She smiled at me. And all the way home, I thought about how much I loved her. The morning after I got back to Maine, Jan called me to say that mom was dead.

“We were there with her,” she said, choking back tears. “She wasn’t alone, don’t worry.”

Well, I wasn’t there.

But I was there at the funeral, and I helped spread her ashes. And my God, was I ever afraid of cancer.

And it was not that many years later that my phone rang. It was late, and it was Jan, and Jan had some heavy news for me: Our eldest sister Denise had been diagnosed with small-cell lung cancer, both lungs, Stage 4.

“The most optimistic doctor says she’s got about 10 months,” she sobbed.

Another day, another plane, another sad meeting with the family. We started planning her funeral, Jan and I, in the car from the airport. But then Jan shook her head.

“Let’s not think that way, okay?”

I will not pretend that everything changed that day because of this, but some things definitely had changed. We had been there before, and had at least learned to look over the shoulders of the doctors and nurses in the course of their duties. And boy, did that ever pay off. Five months into her treatment, Denise started to get intense pains in her upper spine. That’s it, she figured, the cancer has spread to my bones, I’m a goner. Jan and my cousin Deb took her to the ER, and the ER staff ordered up pain meds immediately.

But the meds never got there, so they reordered pain medication—which also failed to arrive. Denise was in panic, free-falling. That alone could have killed her that day.

Whereupon my cousin Deb, a nurse with loads of hospital experience, took my sister’s chart out of the nurse’s hand, gave it a quick glance, and said, See this? Denise’s doctor had heard of her arrival and had checked her into a room on the fifth floor. And that was where the meds were going.

“The last time I saw my mom alive was Mother’s Day 2006. ‘I love you, mom,’ I said, her chin in my hand. ‘Be a good girl, do what they tell you, okay?’”

We caught another break, in that both masses were located in the front of her lungs, which meant they could really lean on the radiation without hitting any of her other organs.

That was almost eight years ago now.

These days, my sister Denise spends most of her time advocating for lung cancer victims and often travels to Washington, D.C. to take part in educational programs and to encourage cancer patients hither and yon. She loves this role, this big-sister thing she does, that has now brought comfort to so many lives. Two years into this new life, Denise was diagnosed with breast cancer.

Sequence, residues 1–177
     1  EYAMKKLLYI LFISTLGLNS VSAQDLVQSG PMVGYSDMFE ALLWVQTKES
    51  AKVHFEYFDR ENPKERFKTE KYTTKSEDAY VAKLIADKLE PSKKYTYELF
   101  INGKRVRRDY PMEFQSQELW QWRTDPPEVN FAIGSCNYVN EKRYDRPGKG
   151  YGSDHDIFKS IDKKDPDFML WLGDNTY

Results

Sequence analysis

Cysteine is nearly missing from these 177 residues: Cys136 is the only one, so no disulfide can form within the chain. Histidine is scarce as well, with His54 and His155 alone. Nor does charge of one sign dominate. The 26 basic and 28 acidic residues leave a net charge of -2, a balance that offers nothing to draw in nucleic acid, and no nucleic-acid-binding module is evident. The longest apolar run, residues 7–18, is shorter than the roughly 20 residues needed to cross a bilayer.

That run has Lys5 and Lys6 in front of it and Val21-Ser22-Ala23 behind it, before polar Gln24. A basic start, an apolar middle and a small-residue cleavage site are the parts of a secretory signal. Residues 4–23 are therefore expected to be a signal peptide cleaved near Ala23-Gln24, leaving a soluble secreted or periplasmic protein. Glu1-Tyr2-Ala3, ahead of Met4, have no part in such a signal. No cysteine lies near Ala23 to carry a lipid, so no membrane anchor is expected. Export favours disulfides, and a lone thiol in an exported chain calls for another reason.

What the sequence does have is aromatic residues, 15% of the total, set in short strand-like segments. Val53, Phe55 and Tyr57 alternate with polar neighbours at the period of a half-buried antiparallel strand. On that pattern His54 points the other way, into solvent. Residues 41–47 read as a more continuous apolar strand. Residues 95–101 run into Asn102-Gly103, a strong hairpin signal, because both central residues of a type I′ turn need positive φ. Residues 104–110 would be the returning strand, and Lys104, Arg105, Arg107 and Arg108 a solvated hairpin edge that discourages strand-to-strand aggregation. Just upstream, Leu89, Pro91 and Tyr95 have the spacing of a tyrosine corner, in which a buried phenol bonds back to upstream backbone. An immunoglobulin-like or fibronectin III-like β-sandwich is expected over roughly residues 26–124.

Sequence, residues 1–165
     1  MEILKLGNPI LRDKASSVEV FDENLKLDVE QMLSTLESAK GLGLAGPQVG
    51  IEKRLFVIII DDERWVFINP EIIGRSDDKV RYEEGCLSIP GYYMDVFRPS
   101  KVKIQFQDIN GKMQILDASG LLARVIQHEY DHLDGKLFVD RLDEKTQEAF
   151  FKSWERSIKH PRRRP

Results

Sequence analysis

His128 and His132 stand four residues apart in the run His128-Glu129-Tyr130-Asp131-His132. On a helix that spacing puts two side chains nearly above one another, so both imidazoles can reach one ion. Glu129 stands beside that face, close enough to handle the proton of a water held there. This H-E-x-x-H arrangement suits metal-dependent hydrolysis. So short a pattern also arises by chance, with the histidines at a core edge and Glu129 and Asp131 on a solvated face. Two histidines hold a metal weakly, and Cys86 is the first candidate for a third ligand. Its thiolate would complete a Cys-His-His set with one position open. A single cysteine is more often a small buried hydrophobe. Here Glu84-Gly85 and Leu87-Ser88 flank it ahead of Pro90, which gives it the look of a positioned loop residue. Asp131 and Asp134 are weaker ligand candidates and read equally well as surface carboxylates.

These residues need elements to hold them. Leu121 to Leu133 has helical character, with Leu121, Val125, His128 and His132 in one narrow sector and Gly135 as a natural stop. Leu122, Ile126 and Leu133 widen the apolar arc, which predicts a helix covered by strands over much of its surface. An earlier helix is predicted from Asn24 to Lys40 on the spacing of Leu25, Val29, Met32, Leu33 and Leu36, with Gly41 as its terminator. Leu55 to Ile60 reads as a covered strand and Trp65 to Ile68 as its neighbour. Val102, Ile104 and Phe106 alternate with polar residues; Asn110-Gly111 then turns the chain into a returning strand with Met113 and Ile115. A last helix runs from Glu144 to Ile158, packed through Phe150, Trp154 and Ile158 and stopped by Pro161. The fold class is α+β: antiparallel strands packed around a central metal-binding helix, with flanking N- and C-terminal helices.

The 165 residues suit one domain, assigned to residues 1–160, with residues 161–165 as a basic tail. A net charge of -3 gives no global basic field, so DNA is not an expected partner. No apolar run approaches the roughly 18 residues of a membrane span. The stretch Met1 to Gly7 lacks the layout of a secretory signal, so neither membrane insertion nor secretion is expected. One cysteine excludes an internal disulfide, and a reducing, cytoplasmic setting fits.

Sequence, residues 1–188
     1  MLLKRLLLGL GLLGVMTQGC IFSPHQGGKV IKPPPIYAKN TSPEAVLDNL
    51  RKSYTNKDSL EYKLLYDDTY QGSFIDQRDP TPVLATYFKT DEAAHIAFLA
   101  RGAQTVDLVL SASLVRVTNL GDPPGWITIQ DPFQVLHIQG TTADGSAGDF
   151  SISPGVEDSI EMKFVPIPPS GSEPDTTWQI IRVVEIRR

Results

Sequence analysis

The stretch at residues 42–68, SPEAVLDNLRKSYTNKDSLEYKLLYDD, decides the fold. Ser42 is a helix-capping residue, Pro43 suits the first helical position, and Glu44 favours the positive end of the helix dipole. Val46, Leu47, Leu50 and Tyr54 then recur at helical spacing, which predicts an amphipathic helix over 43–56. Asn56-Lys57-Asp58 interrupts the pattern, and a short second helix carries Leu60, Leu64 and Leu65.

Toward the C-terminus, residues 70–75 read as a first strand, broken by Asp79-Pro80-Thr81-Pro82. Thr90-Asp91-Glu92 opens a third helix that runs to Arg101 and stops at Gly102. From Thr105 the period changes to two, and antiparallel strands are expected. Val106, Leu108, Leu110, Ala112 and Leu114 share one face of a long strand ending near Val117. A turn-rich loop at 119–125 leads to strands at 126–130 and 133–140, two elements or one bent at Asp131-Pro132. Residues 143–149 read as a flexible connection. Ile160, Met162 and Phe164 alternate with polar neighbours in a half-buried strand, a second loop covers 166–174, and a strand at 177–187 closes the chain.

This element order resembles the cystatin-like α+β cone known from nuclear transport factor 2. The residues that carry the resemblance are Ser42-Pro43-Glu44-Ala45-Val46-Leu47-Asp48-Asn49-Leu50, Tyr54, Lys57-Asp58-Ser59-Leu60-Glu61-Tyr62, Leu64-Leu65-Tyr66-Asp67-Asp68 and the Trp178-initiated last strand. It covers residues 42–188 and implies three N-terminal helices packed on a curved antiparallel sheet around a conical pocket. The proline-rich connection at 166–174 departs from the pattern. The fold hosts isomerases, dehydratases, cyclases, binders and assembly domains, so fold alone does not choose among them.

Heavy news, right? According to Jan, Denise’s response was, “Really? Okay, we got that.” And she beat it, too.

That was two years ago. Last week, I received a call from Jan. It was late, as usual, and I didn’t really have to ask, but she told me anyway: Denise has a new nodule on her left lung that they’re worried about. Jan sounded concerned, but she didn’t seem upset.

I called Denise and asked if I should come out.

“What?,” she said. “Oh, no. I mean, please do. But I’m okay, don’t worry.”

“Look,” she said. “At the end of the day, the cancer’s gonna do what the cancer’s gonna do. There’s nothing I can do to control that. I know better. You know, people tell me, ‘Eat this, eat that,’ but I know people who ate that, and I know people who didn’t eat that, and they got cancer. And I know people who never smoked and they’ve been diagnosed with lung cancer by the time they’re 9 years old. And what I know now is that the cancer’s going to do what the cancer’s going to do, and all I can control is my reaction to it. And I prefer to not think about it.”

So we talked about the weather a little, our cousin Barb’s broken leg (poor thing!), about the Tigers’ chances this year.

But the conversation made me think of a story I heard in church a while ago. There was an evangelist who famously told a story about waking up in his bed to find that the devil himself was standing in his room, the embodiment of all hatred, death and evil. And as soon as the evangelist realized who it was, he just said, “Oh, it’s you.” And then he just rolled over and went back to sleep.

So, yeah, cancer: Deadly, yes, even scary, if you let it be. But cancer is just a disease, and diseases can be managed. We got this.

Meanwhile, show love to the ones you love, and just keep on keeping on. It’s all you were going to do anyway.

Will Cutlip lives and writes in Brunswick.